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Towards Peace through Dialogue: The 11th Jeju Forum for Peace and Prosperity By : Intaek HAN(Jeju Peace Institute) JPI PeaceNet: 2016-20
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May 24, 2016

 

 

Towards Peace through Dialogue:

The 11th Jeju Forum for Peace and Prosperity

 

 

  

Intaek HAN
Jeju Peace Institute

 

 

 

 

  The beauty of Jeju Island needs no explanation. Every year over 10 million tourists visit Jeju from home and abroad. Jeju is designated as a world natural heritage, a global geopark, and a biosphere by UNESCO. Recently, it was also voted as one of the new Seven Wonders of the World. 

  Perhaps a lesser known but no less important fact is that it is also an “island of world peace,” and every spring, thousands of people gather to talk about peace and prosperity. This annual gathering, the Jeju Forum for Peace and Prosperity, is attended by some of the biggest names in Asia and around the world, including former and current heads of state, CEOs of global conglomerates, and renowned scholars. But it is also a gathering for everyone and anyone who cares about peace. 

  Almost 30 years ago, when the Cold War was drawing to a close, then newly elected President of South Korea Roh Tae-woo introduced “Nordpolitik.” Under the new doctrine, South Korea would reach out to countries it had previously considered enemies. It would seek to normalize diplomatic relations with the Soviet and China. The ultimate target was, of course, North Korea. South Korea’s efforts paid off. In September 1990, South Korea and the Soviet normalized their relations. The following year, then Soviet President Mikhail Gorbachev was mindful of North Korea, and suggested that the summit be held away from Seoul and away from North Korea. As a result, Jeju was chosen.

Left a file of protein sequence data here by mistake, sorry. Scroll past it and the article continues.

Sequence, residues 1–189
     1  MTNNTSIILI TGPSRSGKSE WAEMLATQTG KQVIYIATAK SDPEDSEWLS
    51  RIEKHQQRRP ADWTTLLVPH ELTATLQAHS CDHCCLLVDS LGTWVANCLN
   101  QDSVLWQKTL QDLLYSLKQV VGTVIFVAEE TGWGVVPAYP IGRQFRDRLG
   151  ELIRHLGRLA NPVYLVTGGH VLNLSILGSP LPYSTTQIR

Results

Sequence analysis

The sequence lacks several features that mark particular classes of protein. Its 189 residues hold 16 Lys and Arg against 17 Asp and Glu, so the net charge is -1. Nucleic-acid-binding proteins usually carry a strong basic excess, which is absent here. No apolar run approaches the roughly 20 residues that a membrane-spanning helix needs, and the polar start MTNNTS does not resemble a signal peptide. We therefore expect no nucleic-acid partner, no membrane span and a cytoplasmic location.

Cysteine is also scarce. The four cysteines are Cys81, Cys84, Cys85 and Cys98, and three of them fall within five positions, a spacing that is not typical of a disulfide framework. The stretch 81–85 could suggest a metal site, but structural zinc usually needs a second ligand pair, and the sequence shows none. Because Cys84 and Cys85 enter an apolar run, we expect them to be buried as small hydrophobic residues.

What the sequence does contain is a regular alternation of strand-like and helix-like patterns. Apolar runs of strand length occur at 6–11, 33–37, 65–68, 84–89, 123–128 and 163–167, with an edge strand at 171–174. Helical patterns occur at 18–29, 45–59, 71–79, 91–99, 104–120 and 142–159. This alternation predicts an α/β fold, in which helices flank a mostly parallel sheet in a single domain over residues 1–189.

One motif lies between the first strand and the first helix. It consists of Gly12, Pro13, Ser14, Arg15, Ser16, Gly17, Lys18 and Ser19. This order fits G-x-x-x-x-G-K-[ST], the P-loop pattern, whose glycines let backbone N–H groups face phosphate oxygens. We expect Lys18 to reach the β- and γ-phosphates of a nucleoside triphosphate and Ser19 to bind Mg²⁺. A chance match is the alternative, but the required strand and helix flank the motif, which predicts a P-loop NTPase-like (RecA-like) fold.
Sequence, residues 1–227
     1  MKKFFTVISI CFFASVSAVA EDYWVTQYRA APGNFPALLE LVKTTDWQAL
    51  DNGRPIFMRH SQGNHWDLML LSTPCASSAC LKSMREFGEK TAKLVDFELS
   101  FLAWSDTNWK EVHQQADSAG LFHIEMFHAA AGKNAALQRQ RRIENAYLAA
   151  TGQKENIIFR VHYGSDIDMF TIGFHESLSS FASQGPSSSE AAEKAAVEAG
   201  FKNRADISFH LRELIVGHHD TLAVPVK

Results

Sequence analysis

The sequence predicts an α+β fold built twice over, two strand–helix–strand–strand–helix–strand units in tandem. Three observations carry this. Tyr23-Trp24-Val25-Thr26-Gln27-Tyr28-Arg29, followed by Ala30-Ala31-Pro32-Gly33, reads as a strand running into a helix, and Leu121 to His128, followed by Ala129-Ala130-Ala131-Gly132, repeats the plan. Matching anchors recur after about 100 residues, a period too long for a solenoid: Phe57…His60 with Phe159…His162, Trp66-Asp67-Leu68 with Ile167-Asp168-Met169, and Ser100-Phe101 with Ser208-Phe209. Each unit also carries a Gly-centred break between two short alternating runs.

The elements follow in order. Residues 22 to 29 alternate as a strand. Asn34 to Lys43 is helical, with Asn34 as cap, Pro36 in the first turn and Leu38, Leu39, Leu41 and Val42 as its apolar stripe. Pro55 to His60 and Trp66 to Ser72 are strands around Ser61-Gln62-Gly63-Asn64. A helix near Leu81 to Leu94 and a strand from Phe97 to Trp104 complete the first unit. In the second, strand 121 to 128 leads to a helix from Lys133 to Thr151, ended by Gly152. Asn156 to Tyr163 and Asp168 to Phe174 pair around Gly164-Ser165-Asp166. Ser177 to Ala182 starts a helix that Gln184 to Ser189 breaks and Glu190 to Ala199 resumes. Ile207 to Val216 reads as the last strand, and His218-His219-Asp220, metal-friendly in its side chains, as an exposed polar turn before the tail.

The Roh-Gorbachev summit not only contributed to ending the Cold War, it also started a community-wide movement to turn Jeju into an “island of peace.” 

  In April 1996, former President Kim Young-sam and former U.S. President Bill Clinton had a summit in Jeju, followed by a summit between former President Kim and then Japanese Prime Minister Ryutaro Hashimoto. China’s former President Jiang Zemin also visited Jeju and famously played the piano there. 

  The Jeju Forum for Peace and Prosperity, which began in 2001, aims to promote peace through dialogue and achieve prosperity through cooperation. In essence, the Jeju Forum continues and expands the tradition of summit meetings to discuss peace among friends and former adversaries. In 2005, the Korean government officially designated Jeju as an “Island of World Peace.” 

  In this time of heightened tensions in the region, one may argue that “peace through dialogue” is too idealistic. But existing “realist” mechanisms in Northeast Asia are becoming increasingly costly and irrelevant.

  For instance, the ROK-US alliance is becoming irrelevant in deterring the North from cyber or nuclear attacks on the South or even on the United States. The North has already launched successful cyber attacks on South Korean and U.S. targets. A capable North Korean intercontinental ballistic missile or submarine-launched ballistic missile that can reach a U.S. mainland target will cast doubt on the credibility of the U.S. nuclear umbrella and the essence of the alliance. 

  Not only that, even an effective ROK-U.S. alliance is unable to force the North to denuclearize or provide an incentive to implement a regime change. On the contrary, past behavior by the North indicates that a stronger alliance is likely to harden its stance. In addition, efforts by the ROK-U.S. alliance against the North agitate China and deepen the security dilemma for the South. Indeed, it is time for fresh new approaches. 

  This is where the Jeju Forum can come in. From its very origin as a regional, multilateral security dialogue, the forum has been serving as a venue where new ideas for peace and prosperity have been proposed, discussed, and shared. This year’s forum will also do just that. Thousands of participants from over 60 countries will gather and discuss Asia’s new order and disorder and explore ways to develop a cooperative leadership. May is a great month to visit Jeju. Come to Jeju for its beauty and also to find peace.
 

 

 
 

 * An earliar version of this article was published here in The Korea Herald. The views expressed here are those of the author and do not reflect the position of the Jeju Peace Institute.


May 24, 2016

 

   

저자 Intaek HAN is Director of Research at the Jeju Peace Institute, which organizes the Jeju Forum for Peace and Prosperity.
Tag Jeju Forum, Island of World Peace, Jeju Island +